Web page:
There are many common misconceptions about credit scores. What do they mean? What do they consist of? Are there ways to improve a bad score? Whether credit scores are something on your mind or not, either because you are in the process of applying for loans or maybe aren't in that part of your life yet, credit scores are something you should be aware of. Knowing how they work will help you plan accordingly to make sure you are on track to having a solid credit score.
How Income Affects Credit Scores
While income is not a factor in calculating a credit score, it can certainly impact your credit performance and therefore your credit score. Having a low income will not mean you will have a low credit score, regardless of what some people believe. However, according to Credit.com, having a low income can affect your credit score if it affects your ability to pay your bills.
"Your credit score is a collected history of your financial activity."
Closing Credit Cards Will Not Instantly Bring Up Your Score
You may have heard that by closing credit cards you can boost your score. Well, this is not the case. In fact, closing a bunch of credit cards in a short window of time can actually harm your score. When deciding whether to lend you additional credit or a loan, creditors want to see how you manage your current credit, which means having some active cards will help, Bankrate noted. This doesn't mean that you can't close any of your cards ever, but it does mean you must be careful in your approach.
On the other hand, having a bunch of open cards doesn't look good when creditors analyze your risk. Even if you are in good standing on all of your credit cards, having a bunch of active credit accounts at one time can invite creditors to think you may be dependent on credit, which might raise some flags. Again, having several credit cards is not a problem, but trying to open a credit card at every store to get the most of a sale or to see the greatest return on miles can start a trend you don't want to have.
Paying Off Debts Will Not Instantly Improve Your Score
When you pay off your debts your score will certainly improve, but it will not happen right away. Your credit score is a collected history of your financial activity, which means length of time matters. In fact, according to Credit Karma, negative records, which are late payments, bankruptcies or accounts of yours that were held in collections, can stay on your record for seven to 10 years even after you pay them off.
Don't misunderstand, it is crucial that you pay your debts off, but it is also important to make timely monthly payments. Late payments will linger longer than you want them to. Therefore, it is important to know that paying off your debt is necessary to building your credit score, but making payments on time will help quicken this process.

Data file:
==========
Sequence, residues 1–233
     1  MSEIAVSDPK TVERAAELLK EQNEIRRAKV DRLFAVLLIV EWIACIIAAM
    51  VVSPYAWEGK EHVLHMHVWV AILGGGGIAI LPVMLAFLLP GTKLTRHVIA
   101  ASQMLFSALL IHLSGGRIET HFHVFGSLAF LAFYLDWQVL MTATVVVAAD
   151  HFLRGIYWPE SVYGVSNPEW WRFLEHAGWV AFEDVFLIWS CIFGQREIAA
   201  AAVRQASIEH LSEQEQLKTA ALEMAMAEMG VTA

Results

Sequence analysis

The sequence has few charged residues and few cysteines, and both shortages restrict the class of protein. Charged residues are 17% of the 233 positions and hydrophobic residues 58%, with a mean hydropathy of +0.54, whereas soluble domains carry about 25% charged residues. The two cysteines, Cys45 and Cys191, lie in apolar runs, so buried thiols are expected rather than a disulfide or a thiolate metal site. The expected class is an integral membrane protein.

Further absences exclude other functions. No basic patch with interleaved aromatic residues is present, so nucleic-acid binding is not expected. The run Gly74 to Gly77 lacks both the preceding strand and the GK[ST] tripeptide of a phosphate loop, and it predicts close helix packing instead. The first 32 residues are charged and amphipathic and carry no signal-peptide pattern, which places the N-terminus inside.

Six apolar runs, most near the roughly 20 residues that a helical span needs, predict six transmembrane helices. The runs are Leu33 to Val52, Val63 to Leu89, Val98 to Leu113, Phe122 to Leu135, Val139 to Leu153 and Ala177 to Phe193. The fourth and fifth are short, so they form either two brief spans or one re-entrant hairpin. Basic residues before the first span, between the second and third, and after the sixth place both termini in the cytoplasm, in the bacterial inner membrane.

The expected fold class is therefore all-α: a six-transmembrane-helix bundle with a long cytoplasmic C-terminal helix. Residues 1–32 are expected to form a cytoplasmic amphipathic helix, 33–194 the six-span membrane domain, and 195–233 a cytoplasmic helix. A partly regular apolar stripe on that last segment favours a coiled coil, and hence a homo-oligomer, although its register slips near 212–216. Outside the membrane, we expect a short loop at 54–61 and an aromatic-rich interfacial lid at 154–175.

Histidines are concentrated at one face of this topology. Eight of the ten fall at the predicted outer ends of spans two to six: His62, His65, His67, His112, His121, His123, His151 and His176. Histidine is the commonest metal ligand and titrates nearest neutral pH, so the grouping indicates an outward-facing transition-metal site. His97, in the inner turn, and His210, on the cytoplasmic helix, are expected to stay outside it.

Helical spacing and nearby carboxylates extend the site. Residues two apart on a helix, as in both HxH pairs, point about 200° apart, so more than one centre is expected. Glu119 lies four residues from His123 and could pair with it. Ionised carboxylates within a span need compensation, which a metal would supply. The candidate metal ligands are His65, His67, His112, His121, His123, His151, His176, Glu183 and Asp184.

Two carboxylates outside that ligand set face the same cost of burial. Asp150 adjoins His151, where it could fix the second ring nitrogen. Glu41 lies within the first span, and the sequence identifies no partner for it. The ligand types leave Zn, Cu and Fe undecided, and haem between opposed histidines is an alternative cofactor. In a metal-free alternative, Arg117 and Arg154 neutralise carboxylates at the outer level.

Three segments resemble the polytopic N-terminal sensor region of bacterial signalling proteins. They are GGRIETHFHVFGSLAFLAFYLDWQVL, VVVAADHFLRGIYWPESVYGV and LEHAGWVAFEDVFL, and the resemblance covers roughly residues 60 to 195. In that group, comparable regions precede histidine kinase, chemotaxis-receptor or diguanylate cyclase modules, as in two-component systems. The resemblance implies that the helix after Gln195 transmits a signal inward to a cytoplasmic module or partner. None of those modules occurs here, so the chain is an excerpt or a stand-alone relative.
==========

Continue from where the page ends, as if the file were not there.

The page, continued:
According to FICO, your payment history typically accounts for 35 percent of your score. This is a significant number, with only 10 percent applying to new credit. Simply put, your long-term credit weighs more heavily on your score than new credit.
Your Score Will Not Drop by Checking Your Credit
Your credit is not some secret that is locked away with the credit bureaus and restricted from your view. A misconception is that checking your score will cause it to drop. This is not the case. When you want to view your report it is known as a soft inquiry, which does not count against you. However, there is such thing as a hard inquiry, which is when a creditor or lender wishes to view your records. This can happen out of concerns or validation, but it will typically bring your score down a few points.
Divorce as an Act Will Not Bring Down Your Score
While going through a divorce can be challenging and a financial burden for some, it alone will not negatively impact your credit score. That being said, there are indirect methods for which a divorce can damage your credit score.
According to FreeScore.com, many times when people get married they merge their accounts, which means poor financial behavior of one spouse can affect the other. For example, if your spouse is in charge of the finances, even though they are under both names, and makes late payments, then after the divorce this is going to negatively impact both parties.
When it comes to credit scores, the best thing you can do is be responsible with how you use your credit and to make timely bill payments.